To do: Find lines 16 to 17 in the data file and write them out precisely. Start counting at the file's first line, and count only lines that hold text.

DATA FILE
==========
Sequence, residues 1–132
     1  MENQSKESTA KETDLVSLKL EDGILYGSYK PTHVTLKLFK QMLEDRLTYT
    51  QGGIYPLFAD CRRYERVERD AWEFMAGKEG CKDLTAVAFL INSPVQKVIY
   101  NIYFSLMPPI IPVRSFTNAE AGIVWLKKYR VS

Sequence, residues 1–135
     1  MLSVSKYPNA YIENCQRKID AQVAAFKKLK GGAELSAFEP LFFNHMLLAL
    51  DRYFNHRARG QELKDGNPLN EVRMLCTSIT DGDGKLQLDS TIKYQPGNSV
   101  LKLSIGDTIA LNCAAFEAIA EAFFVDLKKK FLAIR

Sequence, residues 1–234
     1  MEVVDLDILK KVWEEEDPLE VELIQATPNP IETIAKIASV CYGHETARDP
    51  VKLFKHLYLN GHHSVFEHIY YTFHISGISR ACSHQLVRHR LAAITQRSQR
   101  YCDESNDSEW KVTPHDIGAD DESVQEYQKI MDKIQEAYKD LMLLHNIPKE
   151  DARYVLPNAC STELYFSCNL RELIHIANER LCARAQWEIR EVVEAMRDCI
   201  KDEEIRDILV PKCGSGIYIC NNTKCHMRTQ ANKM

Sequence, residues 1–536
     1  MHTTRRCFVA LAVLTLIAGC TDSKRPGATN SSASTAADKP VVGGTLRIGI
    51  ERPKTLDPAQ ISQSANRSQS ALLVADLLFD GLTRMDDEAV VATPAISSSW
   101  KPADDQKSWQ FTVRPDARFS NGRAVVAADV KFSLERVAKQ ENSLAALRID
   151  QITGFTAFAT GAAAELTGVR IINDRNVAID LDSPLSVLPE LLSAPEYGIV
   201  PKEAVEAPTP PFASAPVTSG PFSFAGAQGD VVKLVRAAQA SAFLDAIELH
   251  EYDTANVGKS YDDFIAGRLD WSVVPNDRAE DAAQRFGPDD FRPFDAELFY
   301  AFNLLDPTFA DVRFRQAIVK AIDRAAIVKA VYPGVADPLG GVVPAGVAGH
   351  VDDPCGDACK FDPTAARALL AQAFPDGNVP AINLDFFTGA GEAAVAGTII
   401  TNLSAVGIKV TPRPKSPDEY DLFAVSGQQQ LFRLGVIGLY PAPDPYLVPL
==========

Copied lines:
     1  MHTTRRCFVA LAVLTLIAGC TDSKRPGATN SSASTAADKP VVGGTLRIGI
    51  ERPKTLDPAQ ISQSANRSQS ALLVADLLFD GLTRMDDEAV VATPAISSSW